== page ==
Let's kickoff the new year in Argentina. Those are the words you are likely to hear from a wine drinker that favors Malbec. Those are also the words you are likely to hear from many professional road cyclists at this time of year.
One of the first popular stage races of the year takes place in Argentina. The warmer weather makes it a great place for the pros to start their race schedule as they build toward their season's major race objectives that will take place in Italy, France or Spain.
The Tour de San Luis gives the riders a chance to knock the rust off and begin to put some race miles into their legs. It also gives us a great chance to see how Washington Malbec stacks up against Argentinian Malbec.
Argentina has become the new home of Malbec ever since France dropped Malbec like a bike racer that just failed their latest out of competition drug test.
On to our first Lucha Vino challenge of the new year. Where, neither of the combatants have failed a drug test (at least as far as we know...).
2008 Nota Bena Malbec vs. 2010 Achaval Ferrer Mendoza Malbec
Tale of the Tape
2008 Nota Bene Malbec
100% Malbec from the Verhey vineyard in the Yakima Valley AVA.
Aged for 22 months in oak barrels: 15% New Bulgarian Oak, the remainder in seasoned French Oak.
Purchased at the winery on special offer for $15.
2010 Achaval Ferrer Mendoza Malbec
100% Malbec from three vineyards with vines ranging from 13 to 86 years old
Purchased at Total Wines for $23.99.
Round 1. First Opening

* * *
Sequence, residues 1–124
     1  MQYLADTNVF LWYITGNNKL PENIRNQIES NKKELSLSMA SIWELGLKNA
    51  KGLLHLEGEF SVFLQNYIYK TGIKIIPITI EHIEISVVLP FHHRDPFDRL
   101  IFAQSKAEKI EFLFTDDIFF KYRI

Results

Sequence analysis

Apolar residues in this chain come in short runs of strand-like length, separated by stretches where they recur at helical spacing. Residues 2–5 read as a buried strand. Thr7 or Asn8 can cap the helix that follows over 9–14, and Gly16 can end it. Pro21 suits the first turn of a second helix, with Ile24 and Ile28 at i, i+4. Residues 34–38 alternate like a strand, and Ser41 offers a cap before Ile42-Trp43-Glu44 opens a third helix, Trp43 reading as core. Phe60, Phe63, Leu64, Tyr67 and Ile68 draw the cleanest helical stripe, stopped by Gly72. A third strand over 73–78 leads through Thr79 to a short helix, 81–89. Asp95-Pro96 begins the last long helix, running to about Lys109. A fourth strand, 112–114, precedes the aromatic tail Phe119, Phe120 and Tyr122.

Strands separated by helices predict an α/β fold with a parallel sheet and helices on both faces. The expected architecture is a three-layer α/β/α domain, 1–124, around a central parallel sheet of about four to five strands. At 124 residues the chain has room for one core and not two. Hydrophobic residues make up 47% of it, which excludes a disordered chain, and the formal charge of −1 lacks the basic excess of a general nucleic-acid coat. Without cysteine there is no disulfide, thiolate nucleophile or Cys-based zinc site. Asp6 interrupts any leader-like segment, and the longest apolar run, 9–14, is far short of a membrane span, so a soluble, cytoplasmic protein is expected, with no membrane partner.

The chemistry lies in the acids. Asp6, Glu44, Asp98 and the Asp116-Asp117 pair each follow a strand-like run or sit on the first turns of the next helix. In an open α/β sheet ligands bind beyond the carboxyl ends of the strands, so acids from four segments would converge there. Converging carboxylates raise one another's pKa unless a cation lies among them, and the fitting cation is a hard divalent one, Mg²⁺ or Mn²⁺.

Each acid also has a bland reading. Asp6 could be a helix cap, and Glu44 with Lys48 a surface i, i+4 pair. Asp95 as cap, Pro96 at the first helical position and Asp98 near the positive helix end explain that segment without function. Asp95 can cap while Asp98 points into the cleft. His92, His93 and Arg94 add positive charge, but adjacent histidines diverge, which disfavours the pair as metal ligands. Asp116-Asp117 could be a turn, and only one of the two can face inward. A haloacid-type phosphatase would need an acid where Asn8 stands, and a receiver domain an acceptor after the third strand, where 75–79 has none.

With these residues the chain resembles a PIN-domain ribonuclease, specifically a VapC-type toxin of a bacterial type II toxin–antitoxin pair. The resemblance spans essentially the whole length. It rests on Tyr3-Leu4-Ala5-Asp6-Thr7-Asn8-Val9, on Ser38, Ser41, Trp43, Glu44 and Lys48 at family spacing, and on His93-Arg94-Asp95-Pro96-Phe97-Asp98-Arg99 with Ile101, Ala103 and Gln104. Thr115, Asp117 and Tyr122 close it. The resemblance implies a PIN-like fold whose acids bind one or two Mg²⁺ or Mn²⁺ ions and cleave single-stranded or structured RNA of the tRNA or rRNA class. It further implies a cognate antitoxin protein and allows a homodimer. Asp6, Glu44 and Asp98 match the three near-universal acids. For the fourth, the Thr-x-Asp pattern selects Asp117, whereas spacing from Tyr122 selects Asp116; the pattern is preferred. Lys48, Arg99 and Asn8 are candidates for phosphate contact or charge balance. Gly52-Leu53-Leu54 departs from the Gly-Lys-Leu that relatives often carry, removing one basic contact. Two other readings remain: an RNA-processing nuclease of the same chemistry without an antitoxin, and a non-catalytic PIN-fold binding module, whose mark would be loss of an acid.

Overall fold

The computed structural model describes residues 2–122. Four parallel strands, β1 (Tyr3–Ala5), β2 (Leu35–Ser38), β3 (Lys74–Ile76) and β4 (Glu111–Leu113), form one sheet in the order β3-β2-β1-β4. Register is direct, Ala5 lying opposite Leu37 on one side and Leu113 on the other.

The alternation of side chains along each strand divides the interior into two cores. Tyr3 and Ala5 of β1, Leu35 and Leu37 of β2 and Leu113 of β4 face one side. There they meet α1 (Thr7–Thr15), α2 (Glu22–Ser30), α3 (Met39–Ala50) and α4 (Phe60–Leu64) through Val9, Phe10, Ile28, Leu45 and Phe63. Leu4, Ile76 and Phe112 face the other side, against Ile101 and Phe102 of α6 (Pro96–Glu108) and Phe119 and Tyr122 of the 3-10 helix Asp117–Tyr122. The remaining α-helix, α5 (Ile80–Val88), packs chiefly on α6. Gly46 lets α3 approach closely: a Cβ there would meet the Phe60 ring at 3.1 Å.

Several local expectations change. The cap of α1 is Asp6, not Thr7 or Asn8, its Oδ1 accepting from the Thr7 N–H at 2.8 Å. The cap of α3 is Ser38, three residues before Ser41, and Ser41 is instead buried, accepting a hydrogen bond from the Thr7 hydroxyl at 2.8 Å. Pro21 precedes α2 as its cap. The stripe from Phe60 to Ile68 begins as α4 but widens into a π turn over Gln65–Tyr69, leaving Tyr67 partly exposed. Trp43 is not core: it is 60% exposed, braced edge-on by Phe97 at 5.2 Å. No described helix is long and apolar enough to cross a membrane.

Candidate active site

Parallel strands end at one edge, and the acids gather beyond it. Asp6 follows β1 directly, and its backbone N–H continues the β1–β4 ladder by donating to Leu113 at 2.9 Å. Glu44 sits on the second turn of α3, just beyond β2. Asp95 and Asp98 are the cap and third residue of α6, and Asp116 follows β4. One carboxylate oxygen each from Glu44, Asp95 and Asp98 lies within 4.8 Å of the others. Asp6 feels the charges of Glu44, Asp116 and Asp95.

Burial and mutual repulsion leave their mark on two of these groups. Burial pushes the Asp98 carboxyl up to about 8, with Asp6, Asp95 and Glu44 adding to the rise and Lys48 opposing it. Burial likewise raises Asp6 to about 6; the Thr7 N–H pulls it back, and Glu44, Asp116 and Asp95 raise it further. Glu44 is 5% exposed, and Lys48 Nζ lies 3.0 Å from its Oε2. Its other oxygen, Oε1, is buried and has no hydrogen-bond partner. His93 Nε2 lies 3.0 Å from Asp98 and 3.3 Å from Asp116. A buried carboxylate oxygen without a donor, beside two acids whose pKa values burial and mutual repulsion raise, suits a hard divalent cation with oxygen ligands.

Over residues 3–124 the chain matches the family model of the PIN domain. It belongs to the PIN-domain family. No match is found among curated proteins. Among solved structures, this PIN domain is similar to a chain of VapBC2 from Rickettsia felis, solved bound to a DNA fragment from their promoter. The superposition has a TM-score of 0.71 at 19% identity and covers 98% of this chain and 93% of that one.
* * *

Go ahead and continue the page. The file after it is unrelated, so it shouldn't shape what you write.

The Achaval luchador is aggressive from the get go. This Malbec displays a powerful attacking style that features a nose that is alive with funky earthiness and smoky plum and blackberries. The palate is not as dark, featuring notes of cherry, raspberry, dry leather and tart cedar spices that continue on to the finish that is dry and slightly spicy.
Nota Bene fights back with agility that takes Achaval by surprise. The nose is showing dry floral violet notes followed by hints of vanilla and lavender spices. The palate starts out juicy with notes of black cherry followed by tart menthol and cocoa tinged spices all wrapped up in a slightly spicy finish.
Round 1 goes to Nota Bene as the result of the surprise attack.
This match is going to be close with these two luchadors bringing distinctly different Malbec styles to the ring.
Round 2. One hour after opening
The Nota Bene luchador is remaining calm and smooth counter attacking with a nose of raspberries, orange peel and hints of cream soda and menthol spices. The palate is rich and robust with black cherries, menthol and mole' spices that are followed by a nice dry finish.
Nota Bene barely withstood another wicked Achaval attack. That makes the score 2-0 in favor of the Washington State Luchador.
Round 3. One day after opening
The Achaval is evolving and growing more savy with its attacking style. The character of this Argentinian luchador is gaining savoriness with a nose of plum, dusty leather and all spice. The palate is featuring dry plums, olives and hints of cocoa on the finish.
Nota Bene is showing some impressive stamina building on its agility with more power. The nose is darker with notes of currant, black cherry and creamy menthol and eucalyptus spices. The palate is equally bold with currants, black cherries and light dry cinnamon cocoa mole' spices that linger on to the finish.
Nota Bene takes the third, and final, round to make this victory a shut out in favor of Washington State.
Wrap up and overall observations
This was an interesting match with two distinctly different styles of Malbec. The Achaval was very savory, a style that I had not experienced with Argentinian Malbecs in the past. The Nota Bene was juicy and uniquely spicy.
Both of these Malbecs are drinking well now and I would recommend seeking them out.